Masters Theses

Date of Award


Degree Type


Degree Name

Master of Science



Major Professor

Wayne K Clatterbuck

Committee Members

Sheng-I Yang, Charles Kwit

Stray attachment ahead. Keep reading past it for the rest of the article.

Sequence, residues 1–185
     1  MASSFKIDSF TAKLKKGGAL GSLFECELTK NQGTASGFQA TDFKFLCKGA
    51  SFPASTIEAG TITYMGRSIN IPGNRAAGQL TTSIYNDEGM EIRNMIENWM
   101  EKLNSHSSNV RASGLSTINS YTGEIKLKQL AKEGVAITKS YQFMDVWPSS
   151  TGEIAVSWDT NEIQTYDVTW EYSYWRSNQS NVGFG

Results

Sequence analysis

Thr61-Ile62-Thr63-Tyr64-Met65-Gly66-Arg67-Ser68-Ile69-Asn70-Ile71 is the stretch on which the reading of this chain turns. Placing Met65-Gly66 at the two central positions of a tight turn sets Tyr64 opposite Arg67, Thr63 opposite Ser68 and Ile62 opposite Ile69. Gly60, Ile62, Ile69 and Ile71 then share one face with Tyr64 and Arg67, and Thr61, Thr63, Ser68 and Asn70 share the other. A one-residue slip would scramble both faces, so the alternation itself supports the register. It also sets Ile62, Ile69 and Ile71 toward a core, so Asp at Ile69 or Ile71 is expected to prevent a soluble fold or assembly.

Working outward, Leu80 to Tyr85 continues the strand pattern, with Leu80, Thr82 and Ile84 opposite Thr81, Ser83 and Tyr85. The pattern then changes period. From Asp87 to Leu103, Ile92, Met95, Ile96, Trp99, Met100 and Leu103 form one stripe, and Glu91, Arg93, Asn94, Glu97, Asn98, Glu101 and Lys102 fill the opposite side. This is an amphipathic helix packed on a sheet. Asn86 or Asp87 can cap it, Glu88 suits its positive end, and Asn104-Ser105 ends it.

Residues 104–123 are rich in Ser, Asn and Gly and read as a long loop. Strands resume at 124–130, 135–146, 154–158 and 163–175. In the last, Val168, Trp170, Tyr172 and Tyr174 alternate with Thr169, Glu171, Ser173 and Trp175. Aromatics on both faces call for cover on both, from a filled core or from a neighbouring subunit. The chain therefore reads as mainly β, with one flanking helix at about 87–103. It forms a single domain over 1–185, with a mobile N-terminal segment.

Patch cutting is a harvest method with very little precedent in the Central Hardwoods Region of the United States. It is defined as a small scale clearcut of 2 to 5-acres, and it is generally prescribed in order to lessen the aesthetic impact of harvesting in highly visible areas. This study examines a change in harvesting from clearcutting to patch cutting that occurred at Natchez Trace State Forest, located in west Tennessee, in the 1990s. The objective of the study was to determine the regenerative effects of the patch cuts 25-30 years later. Various patch-cut harvest units that were harvested from 1991-1995 were sampled to determine the species composition of the regenerated areas. The same sampling procedure was followed to obtain information in areas that were clearcut in the 1980s prior to the change in harvest size. The patch-cut areas were hypothesized to have a higher prevalence of shade-tolerant species and less oak species (Quercus) than the clearcut areas. Data were compiled from both types of regenerated stands and compared. The areas that were previously patch cut are dominated by tulip poplar (Liriodendron tulipifera) and have little to no oak species present. Poplar is dominant throughout the sampled patches, even along the edge. The areas that were previously clearcut had a much more diverse species composition, with total oak species being the most prevalent in those areas by both trees per acre and basal area per acre. These results show that patch cutting is not an effective regeneration method for a multi-use public area such as Natchez Trace State Forest. Larger clearcuts done on a rotation to ensure forest stands at each stage of succession is better suited for these areas.

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